Wednesday, 18 March 2009
6:30 p.m. – Korean Studies Auditorium
Directed by Li Lin Wee
Singapore, 2007, 97 minutes
Clara, a forty year old ‘tai tai’ (wealthy lady of leisure) faces a mid-life crisis and decides to run away to the only place that has ever made any sense to her – the shopping centers. As she lives there, Clara crosses paths with Renu, an eight-year old latchkey kid who has been abandoned by her parents in a 24-hour mall and Aaron, an angst-y twenty three year old who skips work to hang out at the mall with his friends. Together, they find love, loss and liberation in the heart of Singapore. An official selection of the Hawaii International Film Festival, the Udine Film Festival in Italy and the Shanghai International Film Festival.
Ahmad (Cesar Montano) is a Muslim who lives in Manila as a doctor. His wife Fatima (Amy Austria) and only son Ibrahim live in Mindanao with Ahmad’s mother, Farida. Ahmad is devastated when he is told that Ibrahim has been killed by a stray bullet fired by vigilantes. Returning home, Ahmad finds himself opposing his family’s wish to stay in their war-torn homeland. In spite of his son’s death, Ahmad still wants to live a peaceful life and insists that the best solution is for his family to move to Manila with him. Musa, Ahmad’s brother, disagrees. Musa believes that a war against the unbelievers is the only solution, and even trains his young son for a Muslim warrior’s life. An explosion near a public marketplace thrusts Ahmad and his loved ones into the center of a bloody conflict between Christians and Muslims, the government and the Moros. Montanoâ€™s performance garnered him a Best Actor nod for a Gawad Urian, the Pinoy equivalent of an Oscar.
Wednesday, 4 March 2009
6:30 p.m. – Korean Studies Auditorium
Love Conquers All
Directed by Tan Chui Mui
Malaysia, 2006, 90 minutes
Malay, Mandarin and Cantonese w/E.S.
Ah Peng is a Chinese-Malay girl from Penang. She comes to the capital Kuala Lumpur to work in the simple food stall run by her aunt. At first she doesn’t seem to have time for the joys and dangers of the big city. She doesn’t go looking for them either. She allows her new life to come at her the way it comes. And, she realizes, the way it comes is not always the way you want.
The role of Ah Peng is played by debutante Coral Ong Li Whei. The candour of the young actress matches wonderfully the way in which Ah Peng faces up to the unexpectedly harsh life of the capital. Ah Peng starts a beautiful friendship with her younger cousin Mei. They become like sisters. Mei maintains a secret correspondence with an unknown pen pal. It looks like a playful announcement of what is awaiting Ah Peng: a love that is not what it seems and is not what it should be.
Soon after her arrival in the city, Ah Peng is noticed and followed by John. The fact that she has a boyfriend in Penang does not stop him from pursuing his fairly aggressive advances. Ah Peng doesn’t really resist, nor for very long. Even when John unashamedly explains to her how a pimp works, she seems deaf to any warning. And equally imperturbably, with a minimal use of means, the film follows Ah Peng’s fate. – IFFR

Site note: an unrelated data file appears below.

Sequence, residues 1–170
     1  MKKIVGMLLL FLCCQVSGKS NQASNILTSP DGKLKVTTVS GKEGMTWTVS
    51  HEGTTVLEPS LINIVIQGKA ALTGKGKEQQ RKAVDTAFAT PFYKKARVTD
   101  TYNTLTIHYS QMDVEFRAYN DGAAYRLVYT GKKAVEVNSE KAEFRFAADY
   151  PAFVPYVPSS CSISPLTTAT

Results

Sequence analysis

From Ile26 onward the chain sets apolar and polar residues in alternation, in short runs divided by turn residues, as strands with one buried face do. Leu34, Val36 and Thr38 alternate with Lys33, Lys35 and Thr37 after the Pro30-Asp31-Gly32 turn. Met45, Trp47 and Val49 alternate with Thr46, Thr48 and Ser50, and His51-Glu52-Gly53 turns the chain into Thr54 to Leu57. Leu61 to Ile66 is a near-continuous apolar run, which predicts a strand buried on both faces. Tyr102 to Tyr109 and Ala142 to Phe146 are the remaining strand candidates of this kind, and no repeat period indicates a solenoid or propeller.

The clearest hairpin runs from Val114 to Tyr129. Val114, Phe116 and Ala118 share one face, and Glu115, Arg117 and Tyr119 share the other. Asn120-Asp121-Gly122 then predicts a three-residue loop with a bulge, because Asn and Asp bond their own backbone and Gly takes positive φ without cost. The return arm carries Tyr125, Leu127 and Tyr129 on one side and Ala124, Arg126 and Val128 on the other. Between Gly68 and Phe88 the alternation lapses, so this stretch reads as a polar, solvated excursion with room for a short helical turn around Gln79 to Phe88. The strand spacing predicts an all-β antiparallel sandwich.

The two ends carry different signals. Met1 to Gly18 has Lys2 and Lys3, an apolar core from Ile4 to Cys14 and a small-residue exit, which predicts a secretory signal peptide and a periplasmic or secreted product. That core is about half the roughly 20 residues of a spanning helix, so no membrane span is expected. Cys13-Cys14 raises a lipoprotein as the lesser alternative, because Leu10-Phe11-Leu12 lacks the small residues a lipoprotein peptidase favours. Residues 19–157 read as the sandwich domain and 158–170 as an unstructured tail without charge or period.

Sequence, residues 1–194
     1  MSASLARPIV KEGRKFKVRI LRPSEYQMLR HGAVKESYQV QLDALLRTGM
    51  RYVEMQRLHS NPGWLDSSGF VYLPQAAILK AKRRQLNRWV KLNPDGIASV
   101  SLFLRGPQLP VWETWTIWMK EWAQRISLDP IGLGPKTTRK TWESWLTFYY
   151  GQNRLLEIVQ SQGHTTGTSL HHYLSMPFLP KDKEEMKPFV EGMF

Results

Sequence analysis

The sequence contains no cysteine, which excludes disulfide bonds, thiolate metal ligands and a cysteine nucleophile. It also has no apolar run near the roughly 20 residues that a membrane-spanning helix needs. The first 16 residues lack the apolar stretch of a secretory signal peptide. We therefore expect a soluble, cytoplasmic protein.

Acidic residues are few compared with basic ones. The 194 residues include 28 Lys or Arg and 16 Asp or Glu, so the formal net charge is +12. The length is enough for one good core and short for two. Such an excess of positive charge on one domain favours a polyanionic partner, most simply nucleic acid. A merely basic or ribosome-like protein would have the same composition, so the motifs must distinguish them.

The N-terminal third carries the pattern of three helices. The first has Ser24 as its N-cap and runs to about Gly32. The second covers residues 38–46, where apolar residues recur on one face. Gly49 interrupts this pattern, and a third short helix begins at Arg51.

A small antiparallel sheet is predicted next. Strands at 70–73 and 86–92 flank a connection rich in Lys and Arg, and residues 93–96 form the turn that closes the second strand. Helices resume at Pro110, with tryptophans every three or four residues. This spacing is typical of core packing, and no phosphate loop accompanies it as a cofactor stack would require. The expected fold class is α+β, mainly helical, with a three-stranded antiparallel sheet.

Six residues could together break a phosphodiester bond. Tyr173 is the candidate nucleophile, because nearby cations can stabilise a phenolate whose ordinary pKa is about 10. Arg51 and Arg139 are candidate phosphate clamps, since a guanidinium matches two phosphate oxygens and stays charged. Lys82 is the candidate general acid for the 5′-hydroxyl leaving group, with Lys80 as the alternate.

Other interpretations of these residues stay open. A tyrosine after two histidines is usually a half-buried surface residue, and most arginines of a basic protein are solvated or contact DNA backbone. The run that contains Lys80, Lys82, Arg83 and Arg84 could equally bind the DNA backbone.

LOVE CONQUERS ALL won the Tiger Award at the Rotterdam International Film Festival.
“A delicate individual drama, which improves itself by the level and subtle relation that reality digital filming makes possible.” – Jean-Michel Frodon (chairman), Tikoy Aguiluz, Mabel Cheung, 31st Hong Kong International Film Festival
“Classical in style and structure, it is a film which speaks to the heart.” – Piers Handling (chairman), Lou Ye, Isaac Julien, Maria Kraakman, Teresa Villaverde, 36th International Film Festival Rotterdam
“The international Jury gives the award to Love Conquers All for its effective use of ambiguity and irony in constructing a surprising and subtly elliptical narrative.” – Francois Verster (chairman), Chris Fujiwara, Ana Katz, Jacqueline Veuve, Freddie Wong, 21st Fribourg International Film Festival
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Thursday, March 4, 12:00 p.m., Moore Hall 319 (Tokioka Room) Presented by Rohayati Paseng, Librarian/Bibliographer in the Southeast Asia Collection and
Paul Rausch, Associate Director in the Center for Southeast Asian Studies
This team talk/demonstration focuses on the development (2007) of an Asian studies course designed to teach advanced Southeast Asian language students at the University of Hawaii the skills associated with translating and subtitling film from Southeast Asia. Examples of student work will be featured, and the challenges associated with the translation and the development course will be discussed.
Rohayati Paseng is librarian and bibliographer in the Southeast Asia Collection. Born and raised in Indonesia, she speaks four languages, but is baffled by Javanese.
Paul Rausch is associate director and outreach coordinator at the Center for Southeast Asian Studies. He works feverishly to bring Southeast Asian film into the wider film community, and spends most of his waking hours trying to figure out the technology needed to subtitle film from the region.
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